In cicadas, the tympanum is anatomically intricate and employs complex vibrations as a mechanism for auditory frequency analysis. Using microscanning laser Doppler vibrometry, the tympanal mechanics of Cicada orni can be characterized in controlled acoustical conditions. The tympanum of C. orni moves following a simple drum-like motion, rather than the travelling wave found in a previous study of Cicadatra atra. There is a clear sexual dimorphism in the tympanal mechanics. The large male tympanum is unexpectedly insensitive to the dominant frequency of its own calling song, possibly a reflection of its dual purpose as a sound emitter and receiver. The small female tympanum appears to be mechanically sensitive to the dominant frequency of the male calling song and to high-frequency sound, a capacity never suspected before in these insects. This sexual dimorphism probably results from a set of selective pressures acting in divergent directions, which are linked to the different role of the sexes in sound reception and production. These discoveries serve to indicate that there is far more to be learnt about the development of the cicada ear, its biomechanics and evolution, and the cicada's acoustic behaviour.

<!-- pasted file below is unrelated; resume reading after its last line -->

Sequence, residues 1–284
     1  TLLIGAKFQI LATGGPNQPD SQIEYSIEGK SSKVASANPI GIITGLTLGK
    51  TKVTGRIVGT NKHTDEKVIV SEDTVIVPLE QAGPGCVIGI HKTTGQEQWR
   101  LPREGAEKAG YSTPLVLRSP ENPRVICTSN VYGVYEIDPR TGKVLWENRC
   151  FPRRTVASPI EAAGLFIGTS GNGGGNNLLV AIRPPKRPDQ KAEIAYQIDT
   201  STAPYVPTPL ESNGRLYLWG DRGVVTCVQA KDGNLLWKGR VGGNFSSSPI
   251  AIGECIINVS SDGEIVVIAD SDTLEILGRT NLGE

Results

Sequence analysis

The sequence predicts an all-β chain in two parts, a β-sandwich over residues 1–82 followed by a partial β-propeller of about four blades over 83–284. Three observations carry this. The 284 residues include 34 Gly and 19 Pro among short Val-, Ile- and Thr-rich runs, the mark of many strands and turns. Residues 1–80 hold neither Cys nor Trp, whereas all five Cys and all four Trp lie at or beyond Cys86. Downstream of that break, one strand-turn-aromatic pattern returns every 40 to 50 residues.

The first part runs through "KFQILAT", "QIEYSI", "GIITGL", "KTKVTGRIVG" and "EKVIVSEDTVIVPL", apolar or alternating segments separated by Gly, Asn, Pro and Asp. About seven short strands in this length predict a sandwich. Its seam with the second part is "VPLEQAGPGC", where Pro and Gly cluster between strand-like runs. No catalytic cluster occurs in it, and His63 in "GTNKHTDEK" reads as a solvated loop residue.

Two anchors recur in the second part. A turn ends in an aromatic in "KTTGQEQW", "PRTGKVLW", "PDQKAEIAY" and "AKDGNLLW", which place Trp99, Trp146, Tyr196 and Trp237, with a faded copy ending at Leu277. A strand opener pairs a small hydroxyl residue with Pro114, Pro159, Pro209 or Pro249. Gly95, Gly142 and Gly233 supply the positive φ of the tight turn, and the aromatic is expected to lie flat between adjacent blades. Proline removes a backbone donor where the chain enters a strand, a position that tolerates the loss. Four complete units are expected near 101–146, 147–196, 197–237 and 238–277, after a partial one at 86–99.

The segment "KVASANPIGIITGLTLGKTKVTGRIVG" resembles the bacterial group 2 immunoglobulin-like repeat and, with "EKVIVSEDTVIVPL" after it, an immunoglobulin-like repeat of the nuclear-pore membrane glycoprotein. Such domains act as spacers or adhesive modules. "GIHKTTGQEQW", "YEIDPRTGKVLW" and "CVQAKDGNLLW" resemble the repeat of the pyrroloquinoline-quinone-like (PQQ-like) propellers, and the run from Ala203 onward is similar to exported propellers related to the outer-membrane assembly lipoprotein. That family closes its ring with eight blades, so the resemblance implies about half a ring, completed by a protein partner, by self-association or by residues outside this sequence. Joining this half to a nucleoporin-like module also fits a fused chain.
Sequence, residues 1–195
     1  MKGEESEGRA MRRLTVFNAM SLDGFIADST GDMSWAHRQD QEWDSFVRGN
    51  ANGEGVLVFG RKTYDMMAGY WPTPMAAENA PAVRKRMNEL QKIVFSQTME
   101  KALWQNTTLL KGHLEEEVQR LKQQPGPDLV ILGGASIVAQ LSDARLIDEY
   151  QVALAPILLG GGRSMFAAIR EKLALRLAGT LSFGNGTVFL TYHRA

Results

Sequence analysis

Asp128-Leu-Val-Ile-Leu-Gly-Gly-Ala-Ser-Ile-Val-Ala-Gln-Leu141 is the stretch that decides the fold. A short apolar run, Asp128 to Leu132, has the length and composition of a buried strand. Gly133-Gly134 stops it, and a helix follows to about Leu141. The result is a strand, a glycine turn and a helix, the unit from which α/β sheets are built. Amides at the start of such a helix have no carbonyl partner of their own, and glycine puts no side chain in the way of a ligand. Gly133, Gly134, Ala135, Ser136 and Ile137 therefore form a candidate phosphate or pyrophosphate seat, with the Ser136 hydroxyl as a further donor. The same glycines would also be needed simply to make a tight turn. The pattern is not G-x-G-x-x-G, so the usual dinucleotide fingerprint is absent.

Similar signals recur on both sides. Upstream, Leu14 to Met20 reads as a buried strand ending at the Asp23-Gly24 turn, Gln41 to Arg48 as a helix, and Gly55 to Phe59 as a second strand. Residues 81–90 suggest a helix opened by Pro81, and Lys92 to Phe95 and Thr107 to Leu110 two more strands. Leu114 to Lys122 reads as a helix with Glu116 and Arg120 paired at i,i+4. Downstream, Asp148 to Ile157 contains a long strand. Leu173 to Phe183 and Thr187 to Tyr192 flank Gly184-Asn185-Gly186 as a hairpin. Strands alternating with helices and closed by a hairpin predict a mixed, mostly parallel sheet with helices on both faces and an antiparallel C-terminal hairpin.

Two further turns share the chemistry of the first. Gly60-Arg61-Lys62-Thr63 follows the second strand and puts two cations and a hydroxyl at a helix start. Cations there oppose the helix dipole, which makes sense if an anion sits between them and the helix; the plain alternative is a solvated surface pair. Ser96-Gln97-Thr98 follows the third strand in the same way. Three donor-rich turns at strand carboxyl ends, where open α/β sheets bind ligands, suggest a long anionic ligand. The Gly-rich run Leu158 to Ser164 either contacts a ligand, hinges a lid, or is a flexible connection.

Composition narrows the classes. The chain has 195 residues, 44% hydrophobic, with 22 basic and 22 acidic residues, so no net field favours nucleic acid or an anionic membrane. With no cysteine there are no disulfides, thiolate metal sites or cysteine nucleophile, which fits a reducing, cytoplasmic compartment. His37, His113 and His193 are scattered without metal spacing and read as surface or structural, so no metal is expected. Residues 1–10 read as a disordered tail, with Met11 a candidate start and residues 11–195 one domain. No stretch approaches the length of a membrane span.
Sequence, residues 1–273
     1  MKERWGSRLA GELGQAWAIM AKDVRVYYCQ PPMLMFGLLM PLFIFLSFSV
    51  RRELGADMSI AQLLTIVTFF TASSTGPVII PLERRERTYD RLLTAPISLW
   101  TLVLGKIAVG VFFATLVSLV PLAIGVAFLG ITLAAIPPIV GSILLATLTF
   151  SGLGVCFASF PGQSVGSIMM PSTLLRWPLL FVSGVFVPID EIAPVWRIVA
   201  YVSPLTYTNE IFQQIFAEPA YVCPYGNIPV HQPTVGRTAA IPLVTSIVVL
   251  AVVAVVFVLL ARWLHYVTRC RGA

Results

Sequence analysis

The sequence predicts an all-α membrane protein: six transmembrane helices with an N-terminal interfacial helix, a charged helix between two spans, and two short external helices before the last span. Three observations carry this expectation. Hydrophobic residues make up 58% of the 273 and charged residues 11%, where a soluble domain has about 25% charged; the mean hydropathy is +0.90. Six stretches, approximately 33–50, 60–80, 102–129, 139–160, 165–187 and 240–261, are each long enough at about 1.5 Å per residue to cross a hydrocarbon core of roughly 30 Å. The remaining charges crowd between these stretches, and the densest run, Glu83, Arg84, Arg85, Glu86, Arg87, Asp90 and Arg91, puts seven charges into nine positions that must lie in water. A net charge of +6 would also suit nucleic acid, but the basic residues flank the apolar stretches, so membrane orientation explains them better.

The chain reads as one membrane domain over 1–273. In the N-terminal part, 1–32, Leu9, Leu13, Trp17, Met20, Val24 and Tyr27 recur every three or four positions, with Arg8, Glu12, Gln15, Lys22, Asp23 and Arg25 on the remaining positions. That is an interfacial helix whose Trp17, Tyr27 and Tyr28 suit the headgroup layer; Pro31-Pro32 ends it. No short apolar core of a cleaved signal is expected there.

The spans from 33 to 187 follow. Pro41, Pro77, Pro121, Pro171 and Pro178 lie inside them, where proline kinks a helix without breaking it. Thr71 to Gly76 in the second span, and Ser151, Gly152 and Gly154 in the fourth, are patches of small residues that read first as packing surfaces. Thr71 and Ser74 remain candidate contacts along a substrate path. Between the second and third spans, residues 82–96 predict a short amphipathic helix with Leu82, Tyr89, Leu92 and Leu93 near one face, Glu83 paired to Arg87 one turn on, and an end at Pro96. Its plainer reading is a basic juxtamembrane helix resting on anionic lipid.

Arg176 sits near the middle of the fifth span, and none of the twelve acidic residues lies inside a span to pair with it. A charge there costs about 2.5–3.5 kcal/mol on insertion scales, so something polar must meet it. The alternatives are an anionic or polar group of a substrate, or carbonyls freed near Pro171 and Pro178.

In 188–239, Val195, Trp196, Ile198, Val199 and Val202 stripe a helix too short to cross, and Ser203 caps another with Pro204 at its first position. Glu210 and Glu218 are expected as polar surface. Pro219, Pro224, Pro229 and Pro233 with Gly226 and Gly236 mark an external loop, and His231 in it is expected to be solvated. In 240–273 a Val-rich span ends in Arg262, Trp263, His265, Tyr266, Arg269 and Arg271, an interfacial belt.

- laser vibrometry
- high-frequency reception
- selective forces
Sueur, J., Windmill, J. F. C., & Robert, D. (2008). Sexual dimorphism in auditory mechanics: tympanal vibrations of cicada orni. Journal of Experimental Biology, 211, 2379-2387. https://doi.org/10.1242/jeb.018804